AP News in Brief at 12:04 a.m. EDT

 Slovakia’s populist prime minister shot in assassination attempt, shocking Europe before elections BANSKA BYSTRICA, Slovakia (AP) — Slovakia’s populist Prime Minister Robert Fico was shot multiple times and gravely wounded Wednesday, but his deputy prime minister said he believed Fico would survive. The prime minister had been greeting supporters at an event when the attempted [[{“value”:”

Slovakia’s populist prime minister shot in assassination attempt, shocking Europe before elections

BANSKA BYSTRICA, Slovakia (AP) — Slovakia’s populist Prime Minister Robert Fico was shot multiple times and gravely wounded Wednesday, but his deputy prime minister said he believed Fico would survive.

The prime minister had been greeting supporters at an event when the attempted assassination took place, shocking the small country and reverberating across Europe weeks before an election.

“I guess in the end he will survive,” Tomas Taraba told the BBC, adding: “He’s not in a life threatening situation at this moment.”

Doctors fought for Fico’s life several hours after the pro-Russian leader, 59, was hit in the abdomen, Defense Minister Robert Kalina told reporters at the hospital where Fico was being treated.

Five shots were fired outside a cultural center in the town of Handlova, nearly 140 kilometers (85 miles) northeast of the capital, government officials said. Fico was shot while attending a meeting of his government in the town of 16,000 that was once a center of coal mining.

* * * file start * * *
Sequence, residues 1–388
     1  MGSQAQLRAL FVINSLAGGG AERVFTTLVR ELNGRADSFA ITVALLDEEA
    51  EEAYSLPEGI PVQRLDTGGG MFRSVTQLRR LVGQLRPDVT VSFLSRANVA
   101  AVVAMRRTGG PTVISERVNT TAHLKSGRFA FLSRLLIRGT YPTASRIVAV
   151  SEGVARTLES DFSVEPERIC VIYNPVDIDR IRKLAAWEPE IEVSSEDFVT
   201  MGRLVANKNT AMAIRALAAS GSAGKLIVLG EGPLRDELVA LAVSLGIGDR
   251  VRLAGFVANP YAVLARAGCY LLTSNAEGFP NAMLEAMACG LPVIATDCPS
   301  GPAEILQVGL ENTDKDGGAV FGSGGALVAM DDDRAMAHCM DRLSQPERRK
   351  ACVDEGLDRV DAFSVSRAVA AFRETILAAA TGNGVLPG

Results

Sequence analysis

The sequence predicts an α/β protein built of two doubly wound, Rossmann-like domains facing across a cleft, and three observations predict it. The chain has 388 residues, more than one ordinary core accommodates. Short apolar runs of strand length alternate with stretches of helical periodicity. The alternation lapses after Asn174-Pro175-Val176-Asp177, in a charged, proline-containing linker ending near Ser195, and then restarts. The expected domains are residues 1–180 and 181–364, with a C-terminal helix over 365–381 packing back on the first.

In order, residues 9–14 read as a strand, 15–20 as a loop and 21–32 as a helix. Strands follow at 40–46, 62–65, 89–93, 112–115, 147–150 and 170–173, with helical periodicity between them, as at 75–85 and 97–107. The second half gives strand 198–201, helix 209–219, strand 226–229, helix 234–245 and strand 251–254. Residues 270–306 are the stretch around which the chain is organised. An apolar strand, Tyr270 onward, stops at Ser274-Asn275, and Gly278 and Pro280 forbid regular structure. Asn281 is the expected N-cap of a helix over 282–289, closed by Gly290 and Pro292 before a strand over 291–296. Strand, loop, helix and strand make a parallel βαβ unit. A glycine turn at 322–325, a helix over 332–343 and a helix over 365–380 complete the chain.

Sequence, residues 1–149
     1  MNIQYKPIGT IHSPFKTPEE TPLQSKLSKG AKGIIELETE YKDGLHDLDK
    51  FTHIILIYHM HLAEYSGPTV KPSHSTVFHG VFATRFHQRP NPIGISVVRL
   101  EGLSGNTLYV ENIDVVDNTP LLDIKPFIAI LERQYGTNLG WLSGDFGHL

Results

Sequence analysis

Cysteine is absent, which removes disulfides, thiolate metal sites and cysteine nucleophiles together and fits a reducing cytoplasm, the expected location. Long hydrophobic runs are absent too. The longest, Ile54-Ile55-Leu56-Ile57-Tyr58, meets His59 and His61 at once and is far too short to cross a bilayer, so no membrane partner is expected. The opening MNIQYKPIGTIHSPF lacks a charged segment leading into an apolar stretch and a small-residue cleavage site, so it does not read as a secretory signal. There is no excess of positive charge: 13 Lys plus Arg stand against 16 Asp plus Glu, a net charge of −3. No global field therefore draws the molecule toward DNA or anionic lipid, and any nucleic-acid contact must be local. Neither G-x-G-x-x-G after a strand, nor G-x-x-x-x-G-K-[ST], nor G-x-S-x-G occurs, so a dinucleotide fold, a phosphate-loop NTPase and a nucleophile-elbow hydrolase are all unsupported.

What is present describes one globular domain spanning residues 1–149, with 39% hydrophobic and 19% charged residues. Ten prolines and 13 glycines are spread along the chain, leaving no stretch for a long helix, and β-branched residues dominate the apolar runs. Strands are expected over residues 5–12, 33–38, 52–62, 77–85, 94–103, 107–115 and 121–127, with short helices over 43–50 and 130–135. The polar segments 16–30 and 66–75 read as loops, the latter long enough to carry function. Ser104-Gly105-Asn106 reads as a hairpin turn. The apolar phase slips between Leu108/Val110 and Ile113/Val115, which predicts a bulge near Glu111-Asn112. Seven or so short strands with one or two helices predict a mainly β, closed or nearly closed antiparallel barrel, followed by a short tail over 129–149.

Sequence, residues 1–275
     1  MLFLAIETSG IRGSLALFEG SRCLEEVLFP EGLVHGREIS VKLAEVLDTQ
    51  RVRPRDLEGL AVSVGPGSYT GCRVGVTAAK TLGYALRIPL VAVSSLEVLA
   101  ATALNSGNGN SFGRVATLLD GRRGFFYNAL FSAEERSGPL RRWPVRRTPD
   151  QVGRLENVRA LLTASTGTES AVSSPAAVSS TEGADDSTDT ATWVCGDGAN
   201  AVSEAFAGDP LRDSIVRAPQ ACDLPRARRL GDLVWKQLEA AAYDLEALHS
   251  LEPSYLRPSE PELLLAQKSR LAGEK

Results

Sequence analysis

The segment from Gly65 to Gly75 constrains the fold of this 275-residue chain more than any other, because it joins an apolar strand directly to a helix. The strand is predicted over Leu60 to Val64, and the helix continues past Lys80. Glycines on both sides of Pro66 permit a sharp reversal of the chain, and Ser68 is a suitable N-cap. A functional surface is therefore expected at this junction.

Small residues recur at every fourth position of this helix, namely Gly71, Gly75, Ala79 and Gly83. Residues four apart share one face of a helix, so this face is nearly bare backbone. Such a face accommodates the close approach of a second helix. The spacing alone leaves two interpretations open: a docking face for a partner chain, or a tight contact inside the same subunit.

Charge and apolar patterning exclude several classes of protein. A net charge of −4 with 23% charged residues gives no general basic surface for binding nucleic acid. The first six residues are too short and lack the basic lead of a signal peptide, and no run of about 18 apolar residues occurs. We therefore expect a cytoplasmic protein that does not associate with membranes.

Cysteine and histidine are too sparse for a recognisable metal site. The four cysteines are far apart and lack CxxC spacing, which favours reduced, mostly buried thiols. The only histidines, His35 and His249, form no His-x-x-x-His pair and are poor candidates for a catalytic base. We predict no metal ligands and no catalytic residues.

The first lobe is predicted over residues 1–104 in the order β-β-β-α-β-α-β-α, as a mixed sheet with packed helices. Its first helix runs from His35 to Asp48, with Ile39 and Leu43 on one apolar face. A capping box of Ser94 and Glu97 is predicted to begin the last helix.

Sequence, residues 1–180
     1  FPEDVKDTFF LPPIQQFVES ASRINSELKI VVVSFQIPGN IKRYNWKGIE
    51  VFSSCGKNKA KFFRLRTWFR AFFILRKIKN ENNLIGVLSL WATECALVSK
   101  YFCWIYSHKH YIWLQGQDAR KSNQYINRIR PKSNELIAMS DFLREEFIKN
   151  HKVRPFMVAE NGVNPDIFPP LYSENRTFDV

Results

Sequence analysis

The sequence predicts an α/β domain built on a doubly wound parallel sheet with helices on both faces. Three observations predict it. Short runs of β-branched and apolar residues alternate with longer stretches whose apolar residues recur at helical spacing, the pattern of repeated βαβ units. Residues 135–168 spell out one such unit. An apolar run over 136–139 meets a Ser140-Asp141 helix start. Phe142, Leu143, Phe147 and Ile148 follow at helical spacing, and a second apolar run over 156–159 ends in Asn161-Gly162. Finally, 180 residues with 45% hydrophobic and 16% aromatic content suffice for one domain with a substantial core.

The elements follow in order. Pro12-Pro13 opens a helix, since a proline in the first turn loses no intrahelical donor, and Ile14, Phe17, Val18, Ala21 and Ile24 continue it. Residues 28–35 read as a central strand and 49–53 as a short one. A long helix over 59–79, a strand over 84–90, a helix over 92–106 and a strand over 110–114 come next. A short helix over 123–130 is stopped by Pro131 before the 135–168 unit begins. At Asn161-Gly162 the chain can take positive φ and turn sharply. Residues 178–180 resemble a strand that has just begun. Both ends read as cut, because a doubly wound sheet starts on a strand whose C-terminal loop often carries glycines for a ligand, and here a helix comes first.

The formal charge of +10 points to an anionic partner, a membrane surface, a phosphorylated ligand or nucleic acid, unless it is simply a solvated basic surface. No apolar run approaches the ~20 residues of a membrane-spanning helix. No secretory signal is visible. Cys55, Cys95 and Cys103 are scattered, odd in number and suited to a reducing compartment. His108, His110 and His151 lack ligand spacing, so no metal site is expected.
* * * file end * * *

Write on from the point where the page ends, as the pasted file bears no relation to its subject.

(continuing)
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Who is Robert Fico, the populist Slovak prime minister wounded in a shooting?

BUDAPEST, Hungary (AP) — Slovakian Prime Minister Robert Fico was shot multiple times after a political event Wednesday afternoon, an episode of violence that punctuated his decades-long career in politics.

His deputy prime minister Tomas Taraba later told the BBC he believed Fico would survive the attack, saying “he’s not in a life threatening situation at this moment.”

Fico, 59, was born in 1964 in what was then Czechoslovakia. A member of the Communist Party before the dissolution of communism, he took a law degree in 1986 and was first elected to Slovakia’s parliament in 1992 as a member of the Party of the Democratic Left.

He served for several years in the 1990s as a governmental agent representing the Slovak Republic before the European Court of Human Rights and the European Commission of Human Rights. In 1999, he became chairman of the Smer (Direction) party, of which he has been a pivotal figure ever since.

He and Smer have most often been described as left-populist, though he has also been compared to right-wing politicians like the nationalist prime minister of neighboring Hungary, Viktor Orbán.

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Xi meets Russia’s Putin on a state visit to China that’s a show of unity between the allies